Fevzi Yazıcı, a former designer for the now-shuttered daily Zaman, has been detained since July 2016 as part of Turkey’s sweeping purge after the failed attempted coup that year. In 2019, the Supreme Court revoked an earlier life sentence and ordered a retrial, at which Yazıcı was sentenced to 11 years and three months in prison.
Turkish authorities first issued a warrant for the detention of Yazıcı, the then-44-year-old layout editor of the newspaper Zaman, on July 27, 2016. CPJ was unable to determine the precise date he was taken into custody.
Istanbul’s Third Court of Penal Peace on August 4, 2016, ordered Yazıcı jailed, pending trial on charges of being a follower of exiled preacher Fethullah Gülen, whom the Turkish government accuses of maintaining a terrorist organization and "parallel state structure" (FETÖ/PDY, by its Turkish acronym) and of masterminding the July 15, 2016, failed military coup.
On February 16, 2018, an Istanbul court sentenced Yazıcı, alongside his co-defendants—the journalist Ahmet Altan and his brother Mehmet Altan, who is a columnist; Nazlı Ilıcak, a former columnist for Özgür Düşünce and a former TV host for the shuttered broadcaster Can Erzincan TV; Yakup Şimşek, the newspaper’s former advertising director—to life in prison without parole for “attempting, through violence and force, to disrupt and replace the order as recognized by Turkey’s Constitution,” according to news reports.
On October 2, 2018, a local appeals court in Istanbul upheld the life sentences, according to reports. The journalists’ lawyers said they would appeal.
The Supreme Court of Appeals revoked the life sentence and referred the case to the local court for retrial on July 5, 2019, reports said.
At the retrial on November 4, 2019, Yazıcı was convicted of “being a member of a [terrorist] organization,” and sentenced to 11 years and three months in prison, BBC Turkey reported.
His co-accused Ahmet Altan was convicted of “aiding a [terrorist] organization without being a member” and sentenced to 10 years and six months in prison, while Ilıcak was sentenced to eight years and nine months for the same charge and released on probation for time served, BBC Turkey reported. The court ordered Ahmet Altan released on probation for time served, the report said. On November 12, 2019, Altan was taken back into custody after a prosecutor appealed the ruling, according to German public broadcaster Deutsche Welle.
The court acquitted Mehmet Altan at the same hearing, according to the BBC Turkey report.
According to court records seen by CPJ when Yazıcı was first detained, the journalist told the court that he started his career at the weekly Aksiyon, and later joined the daily Zaman as its chief page designer. The government ordered both publications closed by decree using emergency powers it assumed after the failed military coup, asserting they had links to FETÖ/PDY. The court concluded that there was a strong suspicion that Yazıcı was a member of FETÖ/PDY because he worked in media outlets that were "within the structure of FETÖ/PDY’s media arm."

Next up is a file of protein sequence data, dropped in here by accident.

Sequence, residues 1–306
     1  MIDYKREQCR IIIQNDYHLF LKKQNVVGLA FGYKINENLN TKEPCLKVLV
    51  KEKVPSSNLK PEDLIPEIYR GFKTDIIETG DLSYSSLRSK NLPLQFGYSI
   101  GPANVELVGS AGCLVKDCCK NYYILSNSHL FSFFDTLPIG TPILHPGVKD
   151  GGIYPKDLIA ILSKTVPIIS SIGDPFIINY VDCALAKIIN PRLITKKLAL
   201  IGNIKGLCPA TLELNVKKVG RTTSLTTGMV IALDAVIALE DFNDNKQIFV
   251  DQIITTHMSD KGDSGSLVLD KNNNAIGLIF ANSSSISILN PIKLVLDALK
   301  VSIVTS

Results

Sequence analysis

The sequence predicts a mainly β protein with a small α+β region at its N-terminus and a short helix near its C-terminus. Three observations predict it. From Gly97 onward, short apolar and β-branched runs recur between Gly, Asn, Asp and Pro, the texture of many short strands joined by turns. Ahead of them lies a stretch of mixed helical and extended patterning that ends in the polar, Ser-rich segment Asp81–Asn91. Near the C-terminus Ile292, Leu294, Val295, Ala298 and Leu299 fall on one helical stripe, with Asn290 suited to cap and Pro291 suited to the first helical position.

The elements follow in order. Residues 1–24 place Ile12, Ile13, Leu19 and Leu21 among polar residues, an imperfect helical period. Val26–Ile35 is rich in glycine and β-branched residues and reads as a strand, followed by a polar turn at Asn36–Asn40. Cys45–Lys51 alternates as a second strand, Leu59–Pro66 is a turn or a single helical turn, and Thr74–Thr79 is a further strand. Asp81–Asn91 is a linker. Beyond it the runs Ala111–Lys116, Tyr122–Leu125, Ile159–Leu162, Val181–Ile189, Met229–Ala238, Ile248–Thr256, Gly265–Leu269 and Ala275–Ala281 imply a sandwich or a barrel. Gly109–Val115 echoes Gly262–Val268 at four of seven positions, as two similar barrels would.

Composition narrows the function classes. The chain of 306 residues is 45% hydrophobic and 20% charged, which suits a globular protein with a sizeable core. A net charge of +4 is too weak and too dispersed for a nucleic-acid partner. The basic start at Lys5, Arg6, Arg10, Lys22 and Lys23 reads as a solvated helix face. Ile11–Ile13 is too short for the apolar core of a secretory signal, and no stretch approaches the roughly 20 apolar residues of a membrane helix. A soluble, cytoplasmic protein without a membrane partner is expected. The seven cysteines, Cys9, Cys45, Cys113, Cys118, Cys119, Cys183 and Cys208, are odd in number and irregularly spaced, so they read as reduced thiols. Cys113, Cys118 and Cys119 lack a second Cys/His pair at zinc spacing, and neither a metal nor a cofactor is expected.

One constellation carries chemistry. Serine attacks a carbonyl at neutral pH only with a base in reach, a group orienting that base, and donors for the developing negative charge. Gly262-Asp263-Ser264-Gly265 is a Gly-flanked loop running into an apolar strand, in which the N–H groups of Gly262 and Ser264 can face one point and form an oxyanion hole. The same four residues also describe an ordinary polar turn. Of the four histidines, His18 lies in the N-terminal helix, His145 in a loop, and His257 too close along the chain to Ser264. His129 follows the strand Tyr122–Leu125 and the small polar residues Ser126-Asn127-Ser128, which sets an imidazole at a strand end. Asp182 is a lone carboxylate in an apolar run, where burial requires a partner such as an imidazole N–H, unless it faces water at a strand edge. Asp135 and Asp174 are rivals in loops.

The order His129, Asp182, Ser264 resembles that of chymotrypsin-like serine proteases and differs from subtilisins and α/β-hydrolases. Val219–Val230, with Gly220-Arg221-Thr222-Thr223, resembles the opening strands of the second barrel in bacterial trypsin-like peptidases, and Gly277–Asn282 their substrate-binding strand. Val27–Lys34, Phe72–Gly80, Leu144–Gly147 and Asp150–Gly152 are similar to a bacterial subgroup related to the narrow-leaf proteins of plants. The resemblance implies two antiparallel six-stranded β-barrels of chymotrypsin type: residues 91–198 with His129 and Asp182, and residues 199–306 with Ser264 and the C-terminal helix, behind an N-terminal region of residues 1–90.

Yazıcı, under questioning, told the court that he did not know who owned Aksiyon. He said that he did not know whether Zaman had ever criticized Gülen–whom he admitted having met at one of the preacher’s sermons in the U.S., where Gülen is exiled–and that he was responsible only for laying out the newspaper’s pages.
According to press reports from June 2017, Yazıcı told the court during the first trial that he worked at Zaman because “they offered very good pay and conditions.” Yazıcı said, “Do not evaluate the Zaman I worked for with today’s extraordinary conditions. There was no ‘terrorism’ accusation against the newspaper. Those who wanted to advertise [in the newspaper] did. There were official ads featured. Government leaders were giving interviews.”
The journalist’s wife, Firdevs Yazıcı, told CPJ that as of late 2019, the Constitutional Court had not heard two separate petitions for Yazıcı.
In late 2019, Firdevs Yazıcı told CPJ that her husband told her his health is fine, but that she doubted he was telling the truth. She said his eyesight has worsened and he has a cervical disc hernia, which sometimes affects his hand movements.
Yazıcı has spent at least 22 months of his detention in isolation, his wife told CPJ in late 2019.
The Washington Post reported in May 2020—in a column about a U.S. exhibit of his art—that he had appealed his case to Turkey’s Supreme Court of Appeals. According to the Post, he is held at Silivri Prison in Istanbul.
As of late 2020, Yazıcı’s wife and lawyer had not returned CPJ’s calls and text messages. CPJ was unable to learn any updates to the journalist’s case or determine the state of his health.
CPJ emailed a request for comment on Yazıcı’s case to the Turkish Ministry of Justice in October 2020, but did not receive a reply.